The discovery that costs for Baltimore County school construction projects had been underestimated by $31 million was the catalyst for an extensive shift this week in the building plans and a new emphasis on classroom space to forestall high school crowding.
County Executive C. A. Dutch Ruppersberger III said yesterday that the mistakes prompted him to transfer $23 million from other proposed capital projects and to shift millions more already earmarked for schools to create 3,000 new high school seats over the next six years.
A frenzied review of construction estimates in recent weeks was sparked, he said, by the troubles at Deer Park Elementary, where problems in the air-handling system forced the school's closing and helped uncover widespread mismanagement in construction and maintenance practices.
County officials said they found a plan wildly out of touch with real costs, and a school board-approved strategy that wrongly emphasized expensive high school renovations as much as projects that would add badly needed classroom space.
The changes -- submitted to the County Council Monday night and approved to meet a deadline for getting construction loans on the general election ballot -- will mean the cancellation of some projects, including a major renovation of Kenwood High, but the addition of others, such as a $33 million New Town High School to be built in Owings Mills.
"It came as a complete shock to me that they finally opened their eyes," said Abby Beytin, a county teacher who is the PTA president at Owings Mills High School -- built in 1978 and still the newest high school in the county.
A recent study projected severe crowding in the northwestern ++ section of the county, and much of the record capital spending proposed for the schools will address it. The projects include $11.2 million additions for Pikesville High School and Franklin High in Reisterstown.
Parkville High Principal Jacqueline Tipkin expressed delight at learning her school also will get an $11.2 million addition -- a project not previously planned.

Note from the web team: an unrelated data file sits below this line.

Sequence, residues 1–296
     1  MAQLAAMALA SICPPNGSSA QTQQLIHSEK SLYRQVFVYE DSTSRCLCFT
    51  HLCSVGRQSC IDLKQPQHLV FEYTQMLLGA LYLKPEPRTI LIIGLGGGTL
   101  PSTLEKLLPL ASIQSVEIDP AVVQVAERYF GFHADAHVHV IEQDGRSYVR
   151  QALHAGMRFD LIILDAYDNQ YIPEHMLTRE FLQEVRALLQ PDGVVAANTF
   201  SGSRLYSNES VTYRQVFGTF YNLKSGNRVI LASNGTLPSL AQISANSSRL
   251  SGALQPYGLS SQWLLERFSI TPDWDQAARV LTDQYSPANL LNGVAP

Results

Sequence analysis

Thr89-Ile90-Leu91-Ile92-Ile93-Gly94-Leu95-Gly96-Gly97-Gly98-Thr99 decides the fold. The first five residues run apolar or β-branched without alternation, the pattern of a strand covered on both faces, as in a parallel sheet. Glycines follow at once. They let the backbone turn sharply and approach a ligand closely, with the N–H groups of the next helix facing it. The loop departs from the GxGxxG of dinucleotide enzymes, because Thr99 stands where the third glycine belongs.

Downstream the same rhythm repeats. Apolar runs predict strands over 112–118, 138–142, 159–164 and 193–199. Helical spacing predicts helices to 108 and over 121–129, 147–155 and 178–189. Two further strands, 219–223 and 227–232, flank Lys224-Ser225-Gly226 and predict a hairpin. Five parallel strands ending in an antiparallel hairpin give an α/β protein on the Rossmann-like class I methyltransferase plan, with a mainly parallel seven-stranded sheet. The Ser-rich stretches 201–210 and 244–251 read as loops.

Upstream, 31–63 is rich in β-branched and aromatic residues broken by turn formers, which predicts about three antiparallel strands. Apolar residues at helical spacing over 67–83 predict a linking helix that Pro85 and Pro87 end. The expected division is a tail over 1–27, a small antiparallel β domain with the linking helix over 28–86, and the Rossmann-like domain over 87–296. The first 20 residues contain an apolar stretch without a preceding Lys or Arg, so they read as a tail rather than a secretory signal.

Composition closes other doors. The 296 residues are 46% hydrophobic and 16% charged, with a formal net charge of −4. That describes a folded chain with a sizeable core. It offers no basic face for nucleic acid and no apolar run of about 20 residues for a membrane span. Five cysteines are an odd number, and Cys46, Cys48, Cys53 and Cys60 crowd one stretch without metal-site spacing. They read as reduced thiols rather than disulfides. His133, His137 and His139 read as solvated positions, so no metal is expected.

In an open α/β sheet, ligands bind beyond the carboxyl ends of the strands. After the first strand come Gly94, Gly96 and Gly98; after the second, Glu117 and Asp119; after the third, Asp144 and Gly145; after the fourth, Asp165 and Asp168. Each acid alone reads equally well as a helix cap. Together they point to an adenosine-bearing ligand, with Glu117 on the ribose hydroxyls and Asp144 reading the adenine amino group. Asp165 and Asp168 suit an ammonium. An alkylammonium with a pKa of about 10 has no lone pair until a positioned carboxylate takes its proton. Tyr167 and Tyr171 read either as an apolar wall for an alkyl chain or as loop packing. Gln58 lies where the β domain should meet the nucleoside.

"This is great news; we are thrilled," she said, noting projections that Parkville's enrollment will grow to 30 percent over capacity in the next three years.
But Kenwood High Assistant Principal Jean C. Walker was saddened at the loss of a much-anticipated $20 million overhaul -- for the second time in five years.
"It's a real shame," she said, adding that the school's electrical system is so outmoded it won't accommodate new computers, the heating system "is on its last legs," and windows are so old that most won't open.
In another change, Catonsville High School's planned $16.5 million renovation was scaled back to $4 million -- with the $12.5 million difference to be used for a 600-seat addition there.
Questions of fairness
Marita J. Cush, a Catonsville High School parent who is president of the Catonsville Community Conservation Association, said she was "infuriated" by the situation and saw the late changes in plans as unfairly ignoring older communities in favor of newer, wealthier ones.
"The lighting in the hallways might as well be nonexistent, it's so dark," she said of the local high school. "The heating system is so bad in the winter that in one classroom you have to keep the windows open and in another part of the building you have to keep your coat on. It needs all its systemic supports redone."
Her ire was exacerbated by the association's long battle to have the former Catonsville Middle School on Bloomsbury Avenue renovated -- a project rejected on the basis of cost estimates in a system she saw as discredited yesterday.
Ruppersberger said yesterday, however, that the new estimates show that the Bloomsbury building's overhaul would cost twice as much as the $9.5 million cost of building Southwest Elementary instead.
During Monday night's lengthy council session, anger erupted at unnamed former school construction officials deemed responsible for the low estimates, from state legislators upset at losing projects dear to their hearts.
Democrat Michael J. Collins, the county's Senate delegation chairman, criticized the "blazing" incompetence that brought cancellation of the overhaul at the 1955-vintage Kenwood High, where he was a teacher for 30 years.
Perry Hall's Democratic Councilman Vincent J. Gardina wondered aloud whether "golden faucets and platinum hallways" were planned for school projects in his district that have run $3 million over budget.
Gene L. Neff, the former county public works director hired earlier this year to take over school construction, told astonished council members that the old estimates were off by as much as $4.8 million on one project -- an addition at Perry Hall High School -- and were made without using even the most basic professional tools, such as a formula allowing for inflation.
Faulty design process